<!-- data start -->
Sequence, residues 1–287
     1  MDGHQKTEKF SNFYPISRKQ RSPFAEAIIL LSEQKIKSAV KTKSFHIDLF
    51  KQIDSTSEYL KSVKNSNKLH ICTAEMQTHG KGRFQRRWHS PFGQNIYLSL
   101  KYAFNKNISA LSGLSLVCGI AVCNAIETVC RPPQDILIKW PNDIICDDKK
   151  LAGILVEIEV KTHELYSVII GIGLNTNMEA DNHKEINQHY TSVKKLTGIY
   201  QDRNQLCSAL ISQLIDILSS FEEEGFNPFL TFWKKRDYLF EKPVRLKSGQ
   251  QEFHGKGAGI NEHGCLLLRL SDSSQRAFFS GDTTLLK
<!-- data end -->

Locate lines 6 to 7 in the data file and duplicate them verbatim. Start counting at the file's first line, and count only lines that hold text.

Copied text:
   201  QDRNQLCSAL ISQLIDILSS FEEEGFNPFL TFWKKRDYLF EKPVRLKSGQ
   251  QEFHGKGAGI NEHGCLLLRL SDSSQRAFFS GDTTLLK